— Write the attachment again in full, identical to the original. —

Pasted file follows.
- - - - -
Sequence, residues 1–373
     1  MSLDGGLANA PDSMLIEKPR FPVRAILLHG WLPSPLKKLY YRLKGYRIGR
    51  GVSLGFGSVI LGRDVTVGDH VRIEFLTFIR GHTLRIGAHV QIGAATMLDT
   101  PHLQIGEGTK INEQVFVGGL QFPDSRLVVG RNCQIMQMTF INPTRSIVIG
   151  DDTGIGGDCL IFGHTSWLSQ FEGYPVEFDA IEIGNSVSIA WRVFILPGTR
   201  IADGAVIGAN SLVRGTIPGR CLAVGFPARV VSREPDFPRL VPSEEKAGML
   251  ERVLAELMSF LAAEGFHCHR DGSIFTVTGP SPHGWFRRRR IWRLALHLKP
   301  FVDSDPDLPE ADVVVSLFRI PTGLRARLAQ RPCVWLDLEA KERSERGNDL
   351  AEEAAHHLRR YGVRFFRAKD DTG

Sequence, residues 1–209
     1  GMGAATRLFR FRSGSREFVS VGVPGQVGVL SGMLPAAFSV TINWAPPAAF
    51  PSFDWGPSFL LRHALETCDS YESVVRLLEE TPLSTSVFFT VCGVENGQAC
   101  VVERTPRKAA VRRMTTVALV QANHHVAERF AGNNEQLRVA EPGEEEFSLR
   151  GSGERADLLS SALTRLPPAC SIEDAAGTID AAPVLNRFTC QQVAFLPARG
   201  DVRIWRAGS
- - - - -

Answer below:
Sequence, residues 1–373
     1  MSLDGGLANA PDSMLIEKPR FPVRAILLHG WLPSPLKKLY YRLKGYRIGR
    51  GVSLGFGSVI LGRDVTVGDH VRIEFLTFIR GHTLRIGAHV QIGAATMLDT
   101  PHLQIGEGTK INEQVFVGGL QFPDSRLVVG RNCQIMQMTF INPTRSIVIG
   151  DDTGIGGDCL IFGHTSWLSQ FEGYPVEFDA IEIGNSVSIA WRVFILPGTR
   201  IADGAVIGAN SLVRGTIPGR CLAVGFPARV VSREPDFPRL VPSEEKAGML
   251  ERVLAELMSF LAAEGFHCHR DGSIFTVTGP SPHGWFRRRR IWRLALHLKP
   301  FVDSDPDLPE ADVVVSLFRI PTGLRARLAQ RPCVWLDLEA KERSERGNDL
   351  AEEAAHHLRR YGVRFFRAKD DTG

Sequence, residues 1–209
     1  GMGAATRLFR FRSGSREFVS VGVPGQVGVL SGMLPAAFSV TINWAPPAAF
    51  PSFDWGPSFL LRHALETCDS YESVVRLLEE TPLSTSVFFT VCGVENGQAC
   101  VVERTPRKAA VRRMTTVALV QANHHVAERF AGNNEQLRVA EPGEEEFSLR
   151  GSGERADLLS SALTRLPPAC SIEDAAGTID AAPVLNRFTC QQVAFLPARG
   201  DVRIWRAGS